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NEW YORK ( TheStreet) -- In the past, I have lauded Canada as an attractive destination for conservative investors looking for safe developed market exposure. Boasting a strong financial system and a relatively stable government, the Canadian markets have managed to hold up relatively well compared to troubled regions like the European Union.
, our neighbor to the north could prove to be attractive as we gear up for the final weeks of this year. However as evidenced by the recent spattering of news, caution is still warranted for ETF investors hoping to venturing into this corner of the developed world
At the start of the week, investors received some disappointing news regarding the near-term prospects for Canada's economy. On Monday, the Organization for Economic Cooperation and Development announced that it had taken the axe to the nation's growth forecasts. The group pointed to easing growth in the U.S. and a strong Canadian dollar as being among the most glaring hurdles.
The mood towards Canada is not entirely glum. On the contrary, the OECD helped to ease some of the alarm resulting from its downward revision, mentioning that the expected 2.2% GDP expansion in Canada's economy in 2011 will still make it a top performer among the Group of Seven nations.
It will take time to determine whether Canada lives up to the predictions by the OECD. In the nearer term, I encourage investors to keep a close watch over the earnings calendar.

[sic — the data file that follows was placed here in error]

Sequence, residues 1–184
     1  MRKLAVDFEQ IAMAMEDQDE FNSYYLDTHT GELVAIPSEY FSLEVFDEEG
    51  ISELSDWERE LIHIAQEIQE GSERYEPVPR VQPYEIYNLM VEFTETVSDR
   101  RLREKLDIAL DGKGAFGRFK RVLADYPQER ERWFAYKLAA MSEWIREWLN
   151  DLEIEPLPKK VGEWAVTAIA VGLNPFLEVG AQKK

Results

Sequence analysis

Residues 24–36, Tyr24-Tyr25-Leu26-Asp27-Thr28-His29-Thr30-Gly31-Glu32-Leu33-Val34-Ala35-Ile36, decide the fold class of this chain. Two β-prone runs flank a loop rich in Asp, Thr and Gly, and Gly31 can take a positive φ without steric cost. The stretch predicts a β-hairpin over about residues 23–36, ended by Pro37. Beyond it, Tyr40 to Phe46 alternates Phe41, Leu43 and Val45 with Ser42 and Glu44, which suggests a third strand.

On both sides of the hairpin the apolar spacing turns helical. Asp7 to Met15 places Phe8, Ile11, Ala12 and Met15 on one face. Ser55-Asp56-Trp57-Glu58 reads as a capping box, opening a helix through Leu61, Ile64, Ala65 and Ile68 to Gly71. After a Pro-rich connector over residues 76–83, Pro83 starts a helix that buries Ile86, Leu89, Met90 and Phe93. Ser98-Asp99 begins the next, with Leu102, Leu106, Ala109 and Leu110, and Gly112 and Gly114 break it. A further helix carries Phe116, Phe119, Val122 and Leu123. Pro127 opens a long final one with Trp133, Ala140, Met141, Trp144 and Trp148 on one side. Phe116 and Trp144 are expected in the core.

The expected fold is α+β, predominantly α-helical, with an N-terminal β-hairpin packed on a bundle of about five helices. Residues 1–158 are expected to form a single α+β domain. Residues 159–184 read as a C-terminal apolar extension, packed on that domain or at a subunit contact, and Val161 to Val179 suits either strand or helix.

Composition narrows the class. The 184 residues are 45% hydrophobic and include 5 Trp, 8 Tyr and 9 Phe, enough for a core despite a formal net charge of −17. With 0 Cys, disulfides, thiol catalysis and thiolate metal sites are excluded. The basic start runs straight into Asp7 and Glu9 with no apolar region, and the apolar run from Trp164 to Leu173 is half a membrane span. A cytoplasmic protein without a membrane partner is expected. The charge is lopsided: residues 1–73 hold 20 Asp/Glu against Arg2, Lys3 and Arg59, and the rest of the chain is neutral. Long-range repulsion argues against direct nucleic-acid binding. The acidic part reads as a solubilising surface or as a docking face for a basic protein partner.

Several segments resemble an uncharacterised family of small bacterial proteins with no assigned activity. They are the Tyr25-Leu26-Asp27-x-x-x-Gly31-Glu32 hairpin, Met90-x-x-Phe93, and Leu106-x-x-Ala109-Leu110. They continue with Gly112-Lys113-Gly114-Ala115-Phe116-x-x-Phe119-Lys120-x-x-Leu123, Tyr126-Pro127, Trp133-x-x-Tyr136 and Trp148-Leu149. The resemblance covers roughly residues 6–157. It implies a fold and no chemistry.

During the latter half of this week, investors will gain important insight into the state of the Canadian marketplace when a group of top banks, including
Royal Bank of Canada(RY - Get Report),
Toronto-Dominion Bank(TD - Get Report),
Canadian Imperial Bank of Commerce(CM - Get Report) and
Bank of Nova Scotia(BNS - Get Report) are scheduled to report earnings. The excitement will spill over into the first full week of December when the
Bank of Montreal(BMO - Get Report) is expected to report its quarterly earnings numbers and outlook next Tuesday.
Many have expressed concerns that the firmness of the Canadian financial system has been tested by the deluge of troubling macroeconomic turbulence that has plagued the global markets in recent months.
The Globe and Mail notes that while analysts have been quick to say that a repeat of 2008 is not in the cards, the outlook for this sector is cloudy as continued economic headwinds from regions like the EU remain a cause for concern.